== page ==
Improving UK Economy To Keep Bank of England Rate Cuts At Bay: BCA

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UK economic activity is shifting up a gear, which, when combined with sticky inflation, means the Bank of England won't cut rates before mid-year.

These are the findings of BCA Research, who note the UK's economic surprise index has jumped in 2024, rising from a low of -54 in mid-February to -1.7.

"The latest batch of economic data out of the UK suggests that economic conditions have recently stabilised," says Roukaya Ibrahim, an economist at BCA Research. "Easing inflation is providing a tailwind for consumer spending."

The Bank of England could cut interest rates as soon as May, according to money market pricing. Investors see an approximate 20% chance of a cut, which is higher than the odds of a similar move from the ECB or Fed.

The market sees an 80% chance of a June rate cut and is fully priced for a cut by August.

The odds of early rate cuts rose sharply after last week's Bank of England policy meeting, which saw two members of the MPC drop votes for further rate hikes. The Bank communicated that it could cut rates without risking stoking inflation.

The Pound fell and UK bonds rallied on the developments. If BCA Research is right, and the Bank won't have the luxury of cutting rates in H2 amidst a rebounding economy, the prospect of a recovery in Sterling and a fall in bond prices increases. (That said, BCA's strategists are not inclined to bet on a higher Pound owing to heavily subscribed positioning).

BCA's European Investment strategists say "sticky" UK inflation, coupled with stronger-than-anticipated economic data releases, "will keep the Bank of England from delivering a dovish surprise to markets in the form of a rate cut in the first half of the year".

Numerous economists we follow see an August rate cut as most likely. Meanwhile, the Bank of England's Catherine Mann said Monday that markets were expecting too many rate cuts too soon.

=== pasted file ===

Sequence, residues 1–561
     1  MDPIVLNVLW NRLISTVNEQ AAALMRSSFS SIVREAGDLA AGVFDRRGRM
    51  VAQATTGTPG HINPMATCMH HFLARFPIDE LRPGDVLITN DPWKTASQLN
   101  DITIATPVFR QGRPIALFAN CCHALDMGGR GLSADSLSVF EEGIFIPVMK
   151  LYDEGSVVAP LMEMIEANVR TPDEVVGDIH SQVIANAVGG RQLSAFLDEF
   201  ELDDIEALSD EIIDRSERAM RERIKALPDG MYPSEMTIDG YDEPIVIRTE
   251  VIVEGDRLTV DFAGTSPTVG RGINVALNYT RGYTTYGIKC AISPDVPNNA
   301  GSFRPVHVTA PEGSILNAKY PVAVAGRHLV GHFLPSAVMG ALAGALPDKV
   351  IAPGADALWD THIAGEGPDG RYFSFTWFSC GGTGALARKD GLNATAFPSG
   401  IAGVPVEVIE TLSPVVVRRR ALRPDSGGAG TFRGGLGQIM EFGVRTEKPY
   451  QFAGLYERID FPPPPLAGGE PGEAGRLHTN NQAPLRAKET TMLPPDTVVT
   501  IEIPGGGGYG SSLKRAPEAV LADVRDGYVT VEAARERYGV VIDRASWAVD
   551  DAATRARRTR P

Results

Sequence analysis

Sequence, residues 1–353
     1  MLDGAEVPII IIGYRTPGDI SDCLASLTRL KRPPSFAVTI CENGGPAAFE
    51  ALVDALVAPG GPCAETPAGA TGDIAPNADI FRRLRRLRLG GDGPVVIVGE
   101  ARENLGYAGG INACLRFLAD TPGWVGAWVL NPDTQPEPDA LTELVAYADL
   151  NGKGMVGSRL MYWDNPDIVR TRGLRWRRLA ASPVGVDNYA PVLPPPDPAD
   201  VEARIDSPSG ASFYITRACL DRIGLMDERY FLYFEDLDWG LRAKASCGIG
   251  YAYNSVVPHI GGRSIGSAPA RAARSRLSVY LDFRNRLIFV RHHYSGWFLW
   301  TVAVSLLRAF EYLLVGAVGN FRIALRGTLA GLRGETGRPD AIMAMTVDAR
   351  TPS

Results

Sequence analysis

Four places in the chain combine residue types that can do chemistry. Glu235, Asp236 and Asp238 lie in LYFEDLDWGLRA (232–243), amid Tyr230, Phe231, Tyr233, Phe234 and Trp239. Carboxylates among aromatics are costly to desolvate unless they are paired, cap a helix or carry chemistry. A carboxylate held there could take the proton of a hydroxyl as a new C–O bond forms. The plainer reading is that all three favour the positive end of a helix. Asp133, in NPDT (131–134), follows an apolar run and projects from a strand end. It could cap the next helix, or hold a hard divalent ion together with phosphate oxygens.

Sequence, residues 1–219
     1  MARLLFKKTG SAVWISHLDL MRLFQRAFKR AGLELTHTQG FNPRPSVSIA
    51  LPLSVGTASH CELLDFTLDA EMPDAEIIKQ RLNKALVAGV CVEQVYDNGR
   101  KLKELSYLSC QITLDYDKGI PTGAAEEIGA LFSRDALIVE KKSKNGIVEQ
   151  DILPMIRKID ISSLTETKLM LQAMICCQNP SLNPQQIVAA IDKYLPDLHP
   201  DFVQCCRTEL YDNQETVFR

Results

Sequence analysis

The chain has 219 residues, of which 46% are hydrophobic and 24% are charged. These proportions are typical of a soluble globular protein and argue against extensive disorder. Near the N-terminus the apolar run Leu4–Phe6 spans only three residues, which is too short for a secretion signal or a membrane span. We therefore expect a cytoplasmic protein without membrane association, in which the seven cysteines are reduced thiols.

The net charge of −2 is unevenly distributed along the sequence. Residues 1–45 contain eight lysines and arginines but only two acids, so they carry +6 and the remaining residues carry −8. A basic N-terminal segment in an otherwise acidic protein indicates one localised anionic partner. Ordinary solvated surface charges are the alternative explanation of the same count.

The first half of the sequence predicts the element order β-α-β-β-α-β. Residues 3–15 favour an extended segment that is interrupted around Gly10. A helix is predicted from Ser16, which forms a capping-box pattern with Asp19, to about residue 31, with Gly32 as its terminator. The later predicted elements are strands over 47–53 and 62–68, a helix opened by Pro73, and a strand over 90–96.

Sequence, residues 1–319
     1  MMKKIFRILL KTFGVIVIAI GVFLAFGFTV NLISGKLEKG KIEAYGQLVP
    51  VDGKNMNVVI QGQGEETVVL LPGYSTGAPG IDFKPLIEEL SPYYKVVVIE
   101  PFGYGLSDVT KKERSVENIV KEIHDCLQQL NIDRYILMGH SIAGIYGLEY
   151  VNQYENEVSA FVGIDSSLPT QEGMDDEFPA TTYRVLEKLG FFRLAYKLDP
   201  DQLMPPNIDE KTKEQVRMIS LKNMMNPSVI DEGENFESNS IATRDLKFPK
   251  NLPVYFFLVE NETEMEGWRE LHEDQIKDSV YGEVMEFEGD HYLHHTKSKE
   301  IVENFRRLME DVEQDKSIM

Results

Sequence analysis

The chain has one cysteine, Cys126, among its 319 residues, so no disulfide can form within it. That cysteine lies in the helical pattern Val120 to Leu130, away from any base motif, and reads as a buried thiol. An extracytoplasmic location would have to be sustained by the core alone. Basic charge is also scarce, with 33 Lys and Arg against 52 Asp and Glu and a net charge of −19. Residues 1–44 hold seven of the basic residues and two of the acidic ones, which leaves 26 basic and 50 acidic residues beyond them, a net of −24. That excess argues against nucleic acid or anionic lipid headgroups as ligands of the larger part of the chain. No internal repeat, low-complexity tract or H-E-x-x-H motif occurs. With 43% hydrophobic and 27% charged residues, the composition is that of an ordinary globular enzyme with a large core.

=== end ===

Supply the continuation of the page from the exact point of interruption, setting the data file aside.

Mann said markets are "perhaps a bit too complacent" about how long the Bank will hold rates. She explained that wage dynamics in the UK are stronger than in the U.S. and Euro area, making it hard to argue that the Bank would be ahead of the ECB and the Fed when it comes to cutting rates.

According to BCA Research, the rise in the UK's economic surprise index is driven by a number of developments, including the flash Manufacturing PMI's stronger-than-anticipated 2.4 point rise in March, taking it to a 20-month high of 49.9.

"A continuation of the uptrend that started in September points to an expansion of manufacturing activity ahead," says Ibrahim.

The Services PMI weakened marginally from 53.8 to 53.4, but is still up over the past six months from a sub-50 reading in September.

The CBI's monthly retail sales report for March delivered a positive surprise on Monday, indicating that retail sales volumes recorded the first year-over-year expansion in 10 months, with a 2% y/y increase, beating consensus estimates that the pace of decline would accelerate from -7% to -14%.

"This is consistent with the positive surprise from the official data for February, which showed that retail sales excluding auto fuel expanded on monthly basis and defied expectations of a contraction," says Ibrahim.

On the inflation front, BCA says while price pressures are moderating, they are still elevated. Services inflation, which is an indicator of domestic price pressures, moderated from 6.5% y/y to 6.1% y/y, ensuring it remains elevated. It also came in slightly hotter than anticipations of 6.0% y/y.